Then prizes were handed over to the winners of the Award for translation from different languages.
The ceremony was attended by Saudi Ambassador to Germany Dr. Osama Shobokshi and a number of German senior officials.


World applauds as Saudi women take the wheel

A Saudi woman and her friends celebrate her first time driving on a main street of Alkhobar city in eastern Saudi Arabia on her way to Bahrain on June 24, 2018. (AFP / HUSSAIN RADWAN)
Updated 25 June 2018
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World applauds as Saudi women take the wheel

  • As the de facto ban on women driving ended after more than 60 years, women across the Kingdom flooded social media with videos of their first car trips
  • The celebrations even reached as far as France, where Aseel Al-Hamad, the first female member of the Saudi national motorsport federation, drove a Formula 1 racing car in a special parade before the French Grand Prix at Le Castellet 

JEDDAH: The world awoke on Sunday to images and video footage many thought they would never see — newly empowered Saudi women taking the wheel and driving their cars.

As the de facto ban on women driving ended after more than 60 years, women across the Kingdom flooded social media with videos of their first car trips, while some police officers among the large number out on the streets distributed roses to the first-time drivers.

The celebrations even reached as far as France, where Aseel Al-Hamad, the first female member of the Saudi national motorsport federation, drove a Formula 1 racing car in a special parade before the French Grand Prix at Le Castellet.

“I hope doing so on the day when women can drive on the roads in the Kingdom of Saudi Arabia shows what you can do if you have the passion and the spirit to dream,” she said.

In a tribute to Saudi female drivers, the Lebanese soprano Hiba Tawaji released a special video of a song she performed live in Riyadh at a concert last December “Today women in Saudi Arabia can legally drive their cars,” she said. “Congratulations on this achievement, this one’s for you!”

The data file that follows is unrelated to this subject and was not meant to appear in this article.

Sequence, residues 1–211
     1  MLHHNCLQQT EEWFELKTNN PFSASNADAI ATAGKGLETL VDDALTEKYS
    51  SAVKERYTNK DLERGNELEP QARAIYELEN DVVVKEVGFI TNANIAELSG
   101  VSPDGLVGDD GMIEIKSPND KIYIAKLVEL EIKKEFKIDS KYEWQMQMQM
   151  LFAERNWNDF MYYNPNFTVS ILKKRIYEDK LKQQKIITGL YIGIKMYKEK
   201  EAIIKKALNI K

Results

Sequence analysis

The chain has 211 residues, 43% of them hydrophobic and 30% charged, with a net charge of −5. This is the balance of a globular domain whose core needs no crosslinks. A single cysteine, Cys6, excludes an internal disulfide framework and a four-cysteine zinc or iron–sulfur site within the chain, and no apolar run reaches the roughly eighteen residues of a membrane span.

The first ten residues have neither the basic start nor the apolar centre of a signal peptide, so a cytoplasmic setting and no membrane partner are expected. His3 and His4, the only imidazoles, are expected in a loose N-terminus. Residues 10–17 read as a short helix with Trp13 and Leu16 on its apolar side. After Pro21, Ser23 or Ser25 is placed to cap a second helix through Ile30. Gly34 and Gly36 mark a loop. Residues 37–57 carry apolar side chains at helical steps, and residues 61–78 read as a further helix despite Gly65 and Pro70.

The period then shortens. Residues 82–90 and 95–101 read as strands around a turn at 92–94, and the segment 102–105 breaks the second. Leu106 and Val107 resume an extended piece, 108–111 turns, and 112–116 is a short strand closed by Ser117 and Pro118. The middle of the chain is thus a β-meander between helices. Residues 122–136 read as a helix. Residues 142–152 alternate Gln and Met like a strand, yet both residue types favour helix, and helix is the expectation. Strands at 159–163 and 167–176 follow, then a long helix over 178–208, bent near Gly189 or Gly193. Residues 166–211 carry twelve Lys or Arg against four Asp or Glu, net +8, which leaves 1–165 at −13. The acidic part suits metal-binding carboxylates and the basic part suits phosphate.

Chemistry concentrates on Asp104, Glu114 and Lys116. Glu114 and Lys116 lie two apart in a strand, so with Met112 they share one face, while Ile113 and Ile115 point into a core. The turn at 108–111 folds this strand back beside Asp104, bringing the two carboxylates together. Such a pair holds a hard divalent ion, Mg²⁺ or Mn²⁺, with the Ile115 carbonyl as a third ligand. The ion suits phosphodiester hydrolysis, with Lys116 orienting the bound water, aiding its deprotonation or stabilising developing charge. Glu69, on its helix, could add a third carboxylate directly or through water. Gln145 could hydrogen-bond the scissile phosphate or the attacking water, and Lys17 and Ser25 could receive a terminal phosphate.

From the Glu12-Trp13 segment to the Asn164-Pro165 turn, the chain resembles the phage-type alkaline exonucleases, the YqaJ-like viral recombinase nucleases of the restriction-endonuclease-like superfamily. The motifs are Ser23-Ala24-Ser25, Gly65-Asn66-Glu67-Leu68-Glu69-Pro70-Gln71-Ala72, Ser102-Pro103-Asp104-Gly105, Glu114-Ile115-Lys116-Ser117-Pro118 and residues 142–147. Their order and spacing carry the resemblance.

Back home in Saudi Arabia, the atmosphere was euphoric. “It’s a beautiful day,” businesswoman Samah Algosaibi said as she cruised around the city of Alkhobar. 

“Today we are here,” she said from the driver’s seat. “Yesterday we sat there,” she said, pointing to the back.

“I feel proud, I feel dignified and I feel liberated,” said Saudi Shoura Council member Lina Almaeena, one of the first women to drive in the Kingdom.

She told Arab News that the event was changing her life by “facilitating it, making it more comfortable, making it more pleasant, and making it more stress-free.”

Almaeena urged all drivers to follow the traffic and road safety rules. “What’s making me anxious is the misconduct of a lot of the drivers, the male drivers. Unfortunately they’re not as disciplined as they should be. Simple things such as changing lanes and using your signals — this is making me anxious.

“But I’m confident: I’ve driven all around the world when I travel, especially when I’m familiar with the area. It’s really mainly how to be a defensive driver because you have to be.”